This seems like good new: only 200 new deaths reported by WHO in the last 4 days brings daily average down to 50. Of course, that number used to be near the high so I have my fingers crossed that this is not just another trough before another surge higher as has been the case since I started following Ebola's progress in W Africa.

    On the down side: 833 new cases reported over those same 4 days. That translates into nearly 1,500 per week. But there has seemed to be a huge disconnect between new cases and deaths reported since a week or so before our election. Thus, I am worried that we are about to see another surge in deaths reported sometime in the next 2 weeks. Hopefully, one of the cures and/or vaccines will prove to work the needed miracle.
    Nov 13, 2014. 02:01 PM | 4 Likes Like |Link to Comment
  • QuickChat #275, November 3, 2014 [View instapost]
    Real estate prices in China have been falling fairly consistently over much of the past year in all but a handful of tier 1 cities. Developers are discounting new home/condo prices to sell excessive inventory, mostly to investors with no intention of moving in. Those vacant cities have been popping up for a few years now as China continues to migrate its people from rural areas to urban centers. It has the fastest urbanization rate in the world to my knowledge. Some of those cities will be inhabited by the folks moving in from the farms as has been much the case in the past. But, now it seems that the development has gotten much further ahead of the migration rate and pricing in real estate is taking a hit.

    This has happened before, but on much smaller scale, several times in the past couple of decades. I don't know with certainty, but my guess is that this time will be a little more painful, especially for the rich investors who bought at higher prices before the discounts started. Many of those investors are complaining to government officials, but to no avail thus far.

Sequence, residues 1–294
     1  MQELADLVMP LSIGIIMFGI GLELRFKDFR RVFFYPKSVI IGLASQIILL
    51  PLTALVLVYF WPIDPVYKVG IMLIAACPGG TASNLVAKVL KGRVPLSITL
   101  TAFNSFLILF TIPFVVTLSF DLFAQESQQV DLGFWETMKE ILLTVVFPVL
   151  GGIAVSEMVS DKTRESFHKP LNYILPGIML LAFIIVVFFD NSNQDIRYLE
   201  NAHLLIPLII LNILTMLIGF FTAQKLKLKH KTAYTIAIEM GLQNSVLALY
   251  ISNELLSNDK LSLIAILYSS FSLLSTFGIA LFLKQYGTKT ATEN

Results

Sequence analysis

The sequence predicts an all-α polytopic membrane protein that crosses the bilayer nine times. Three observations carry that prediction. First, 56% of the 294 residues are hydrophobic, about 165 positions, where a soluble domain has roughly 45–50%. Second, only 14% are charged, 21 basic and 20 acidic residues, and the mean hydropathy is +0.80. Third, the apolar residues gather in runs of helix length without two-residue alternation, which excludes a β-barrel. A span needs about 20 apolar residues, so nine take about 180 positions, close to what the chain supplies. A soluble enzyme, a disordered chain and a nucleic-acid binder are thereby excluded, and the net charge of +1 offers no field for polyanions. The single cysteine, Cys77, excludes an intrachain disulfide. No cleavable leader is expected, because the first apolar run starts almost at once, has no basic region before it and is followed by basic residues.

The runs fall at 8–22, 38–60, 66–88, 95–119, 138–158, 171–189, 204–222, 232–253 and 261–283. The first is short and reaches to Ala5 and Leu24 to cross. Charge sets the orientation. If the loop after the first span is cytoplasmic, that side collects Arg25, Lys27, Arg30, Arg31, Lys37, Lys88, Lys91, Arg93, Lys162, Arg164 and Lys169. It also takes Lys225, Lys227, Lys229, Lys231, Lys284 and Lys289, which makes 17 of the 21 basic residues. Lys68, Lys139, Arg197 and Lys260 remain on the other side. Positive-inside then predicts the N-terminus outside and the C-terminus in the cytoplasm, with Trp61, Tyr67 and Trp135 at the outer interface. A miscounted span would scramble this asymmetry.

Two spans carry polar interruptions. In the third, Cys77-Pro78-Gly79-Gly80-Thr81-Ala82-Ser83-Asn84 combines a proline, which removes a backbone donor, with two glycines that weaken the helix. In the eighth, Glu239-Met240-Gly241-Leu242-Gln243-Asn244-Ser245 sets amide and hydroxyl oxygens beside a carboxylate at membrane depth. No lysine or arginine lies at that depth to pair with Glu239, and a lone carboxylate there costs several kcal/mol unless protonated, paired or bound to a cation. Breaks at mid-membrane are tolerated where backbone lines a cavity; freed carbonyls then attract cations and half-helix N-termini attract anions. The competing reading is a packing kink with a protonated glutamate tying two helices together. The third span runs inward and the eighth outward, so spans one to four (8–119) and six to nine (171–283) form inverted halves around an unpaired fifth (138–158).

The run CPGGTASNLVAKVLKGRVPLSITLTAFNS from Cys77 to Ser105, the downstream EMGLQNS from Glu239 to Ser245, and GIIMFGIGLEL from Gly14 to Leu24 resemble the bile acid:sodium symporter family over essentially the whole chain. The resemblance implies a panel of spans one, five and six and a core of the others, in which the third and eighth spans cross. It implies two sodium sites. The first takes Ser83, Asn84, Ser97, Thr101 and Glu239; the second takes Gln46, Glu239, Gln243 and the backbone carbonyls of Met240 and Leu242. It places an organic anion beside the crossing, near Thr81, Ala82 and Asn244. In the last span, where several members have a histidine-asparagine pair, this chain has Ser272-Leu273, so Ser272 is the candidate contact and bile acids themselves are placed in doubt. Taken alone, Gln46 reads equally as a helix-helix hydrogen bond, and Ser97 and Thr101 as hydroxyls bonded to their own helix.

Chinese developers will need to slow down the pace of building new residences/cities until the urbanization effort catches up. This will only intensify the current slow down in China's growth, imho.

    I have found it very difficult to convince other investors of this phenomenon so I thank you for providing a more personal insight from someone who has seen it with his own eyes. I don't predict a crash in China, just a slowdown well below 7.5%. But that could be enough to put further pressure on commodities as demand for raw materials used in construction falls significantly more in coming months.

    This, too, is only temporary and will give those paying attention another great entry opportunity!
    Nov 12, 2014. 12:10 PM | 4 Likes Like |Link to Comment
  • Swine Flu, MERS, Ebola And Medical News Concentrator September October 18, 2014 To ???.  [View instapost]
    I haven't been too active here but want you to know that I appreciate your posts. I read every day but don't add much to the conversation. Get whatever that thing is out and I wish you a speedy recovery. You'll be in my prayers, LT.
    Nov 10, 2014. 01:22 PM | 5 Likes Like |Link to Comment
  • QuickChat #274, October 9, 2014 [View instapost]
    Thanks SD - I guess there must be something else at work here, DG.
    Nov 9, 2014. 05:54 PM | Likes Like |Link to Comment
  • QuickChat #274, October 9, 2014 [View instapost]
    What part of Nevada does Harry claim a residence? We need to be more scientific about locating the epicenter.
    Nov 9, 2014. 12:14 PM | 2 Likes Like |Link to Comment
  • QuickChat #275, November 3, 2014 [View instapost]
    I tried taking the test several times. When truthful, I was rated a Libertarian. When I went the opposite, I was rated a Statist. I tried several combinations but I could not get the thing to rate me as either a Democrat or Republican.

    Sorry, but I think it is a bit rigged.
    Nov 7, 2014. 05:02 PM | 3 Likes Like |Link to Comment